8. 8. The electrical circuit of claim 1 wherein the circuit further comprises a switch having a first port and a control port, the first port in communication with the second port of the inverter, and wherein the system controller further comprises an output port in communication with the control port of the switch.
  9. 9. The electrical circuit of claim 1 further comprising a system controller having a first port, a second port, a third port and a fourth port, the first and second controller ports in communication with the first rectifier port and the third and fourth controller ports in communication with second port of the inverter,
    wherein the first controller port is a single phase voltage sense port,
    wherein the second controller port is a single phase current sense port,
    wherein the third controller port is a 3 phase voltage sense port and is in electrical communication with at least one port of the switch, and
    wherein the fourth controller port is a 3 phase current sense port.
  10. 10. The electrical circuit of claim 8 further comprising a system controller having a first port, a second port, a third port and a fourth port, the first and second controller ports in communication with the first rectifier port and the third and fourth controller ports in communication with second port of the inverter,
    wherein the switch comprises a third port in electrical communication with a power grid;
    wherein the first controller port is a single phase voltage sense port,
    wherein the second controller port is a single phase current sense port,
    wherein the third controller port is a 3 phase voltage sense port and is in electrical communication with the third port of the switch, and
    wherein the fourth controller port is a 3 phase current sense port and is in electrical communication with the third port of the switch.
  11. 11. The electrical circuit of claim 1, wherein the circuit comprises:
    a tuning capacitor in electrical communication with the linear alternator; and
    a stall circuit comprising an electrical load in electrical communication with the tuning capacitor such that the stall circuit in combination with the tuning capacitor has a predetermined resonant frequency and bandwidth such that when the stall circuit is connected to the linear alternator the Stirling engine enters a stall state, wherein the linear alternator has at least one operating frequency, the Stirling engine powered by incident solar energy.
  12. 12. The electrical circuit of claim 11 wherein the stall circuit is selected from the group of a resistor, a resistor and capacitor, a pair of capacitors, and a brake.
  13. 13. The electrical circuit of claim 11 wherein the bandwidth ranges from about 58 Hz to about 72 Hz and the predetermined resonant frequency is approximately 62 Hz.
  14. 14. The electrical circuit of claim 11 wherein the stall circuit comprises a resistor capacitor pair, the resistor capacitor pair when in communication with the tuning capacitor generates an impedance that when connected to the linear alternator stalls the linear alternator.
  15. 15. The electrical circuit of claim 11 wherein the stall circuit has an associated bandwidth sized to stall an energy converting apparatus component selected from the group consisting of an engine having at least one piston, a passive balancer, and a linear alternator.
  16. 16. The electrical circuit of claim 11 wherein the circuit is used with a passive balancer connected to a case which houses the Stirling engine and wherein a circuit component value of at least one circuit component in the stall circuit is selected in response to at least one resonance frequency associated with a moving mass component of the energy converting apparatus.
  17. 17. The electrical circuit of claim 1, wherein the energy converting apparatus comprises a motor controller for a positioning an object, the motor controller comprising:
    a DC brushless motor having a Hall sensor, a Hall sensor port; and a motor driver having a motor driver port;
    a gear box in communication with the DC brushless motor and having a gear ratio greater than 200:1; and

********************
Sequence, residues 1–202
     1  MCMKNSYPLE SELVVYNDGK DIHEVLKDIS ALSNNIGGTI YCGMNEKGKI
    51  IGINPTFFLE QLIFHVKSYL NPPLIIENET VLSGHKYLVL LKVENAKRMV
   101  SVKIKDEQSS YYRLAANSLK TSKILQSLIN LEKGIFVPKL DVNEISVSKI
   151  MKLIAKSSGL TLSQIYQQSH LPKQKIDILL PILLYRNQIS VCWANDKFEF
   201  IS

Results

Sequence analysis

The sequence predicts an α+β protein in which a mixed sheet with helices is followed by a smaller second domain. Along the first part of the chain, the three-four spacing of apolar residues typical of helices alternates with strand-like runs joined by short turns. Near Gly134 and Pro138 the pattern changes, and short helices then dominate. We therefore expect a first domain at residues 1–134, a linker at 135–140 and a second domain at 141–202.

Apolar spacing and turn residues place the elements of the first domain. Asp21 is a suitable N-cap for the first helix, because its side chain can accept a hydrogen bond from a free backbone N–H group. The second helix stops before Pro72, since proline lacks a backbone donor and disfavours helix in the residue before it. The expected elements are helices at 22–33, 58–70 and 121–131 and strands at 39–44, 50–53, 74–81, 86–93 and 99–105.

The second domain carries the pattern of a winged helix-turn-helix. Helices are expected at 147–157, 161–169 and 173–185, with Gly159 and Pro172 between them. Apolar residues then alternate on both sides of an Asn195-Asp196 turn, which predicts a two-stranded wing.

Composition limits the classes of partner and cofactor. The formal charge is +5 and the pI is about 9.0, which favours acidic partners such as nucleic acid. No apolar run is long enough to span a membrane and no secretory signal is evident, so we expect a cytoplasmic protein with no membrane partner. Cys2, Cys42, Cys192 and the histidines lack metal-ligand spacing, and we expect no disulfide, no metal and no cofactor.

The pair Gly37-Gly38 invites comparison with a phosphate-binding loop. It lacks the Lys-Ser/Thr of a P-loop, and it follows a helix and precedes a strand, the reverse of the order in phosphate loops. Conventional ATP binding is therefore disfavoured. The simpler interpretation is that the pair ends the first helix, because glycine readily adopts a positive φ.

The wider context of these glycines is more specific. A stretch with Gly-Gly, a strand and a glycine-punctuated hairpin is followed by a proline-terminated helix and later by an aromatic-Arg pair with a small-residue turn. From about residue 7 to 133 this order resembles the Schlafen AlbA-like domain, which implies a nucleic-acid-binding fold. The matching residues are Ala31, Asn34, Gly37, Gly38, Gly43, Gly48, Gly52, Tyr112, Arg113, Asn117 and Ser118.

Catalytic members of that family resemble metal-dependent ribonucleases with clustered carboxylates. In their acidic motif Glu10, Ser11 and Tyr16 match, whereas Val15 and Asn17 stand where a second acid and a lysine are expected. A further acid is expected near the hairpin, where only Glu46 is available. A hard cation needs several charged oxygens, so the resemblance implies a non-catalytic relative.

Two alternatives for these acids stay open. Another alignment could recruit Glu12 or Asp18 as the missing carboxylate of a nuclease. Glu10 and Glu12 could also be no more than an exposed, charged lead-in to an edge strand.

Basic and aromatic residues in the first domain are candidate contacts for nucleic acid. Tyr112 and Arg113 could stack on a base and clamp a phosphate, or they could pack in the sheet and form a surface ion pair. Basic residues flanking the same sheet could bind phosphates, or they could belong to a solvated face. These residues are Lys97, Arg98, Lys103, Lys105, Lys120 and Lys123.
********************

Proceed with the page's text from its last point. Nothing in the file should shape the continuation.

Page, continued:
a position controller having an input port in communication with the Hall sensor and an output port in communication with the motor driver port,
    wherein the Hall sensor provides information for commutation control to the motor driver and motion information to the position controller for position determination of the object.
  18. 18-42. (canceled)
  19. 43. The electrical circuit of claim 1, comprising a processor-based system for controlling the energy converting apparatus, the system comprising:
    an electronic memory device; and
    an electronic processor in communication with the memory device and the energy converting apparatus, wherein the memory device comprises instructions that when executed by the processor cause the processor to:
    monitor changes in a first derivative with respect to time of a temperature at a region of the energy converting apparatus; and
    varying an operational state of a control system in response to a change in the first derivative with respect to time of the temperature.
  20. 44. The electrical circuit of claim 1, comprising a processor-based system for controlling the energy converting apparatus, the energy converting apparatus having a first subsystem having a cold side temperature and a second subsystem having a hot side temperature, an engine working fluid disposed within a chamber, and a piston which moves relative to the working fluid, the processor-based system comprising:
    an electronic memory device; and
    an electronic processor in communication with the memory device and the energy converting apparatus, wherein the memory device comprises instructions that when executed by the processor cause the processor to:
    store an empirically obtained dataset of energy converting apparatus operating parameters; and
    determine an operating temperature ratio, wherein the operating temperature ratio is the ratio of the cold side temperature to the hot side temperature.
  21. 45. The electrical circuit of claim 44 wherein the operating temperature ratio is determined by correlating electric power, charge pressure of engine working fluid, and piston amplitude using the dataset of energy converting apparatus operating parameters.
  22. 46. The electrical circuit of claim 45 wherein energy converting apparatus comprises a linear alternator and the piston amplitude is approximated by a control voltage associated with the linear alternator.
  23. 47. The electrical circuit of claim 44 wherein the operating temperature ratio is determined inferentially such that a direct temperature measurement is not used.
  24. 48-51. (canceled)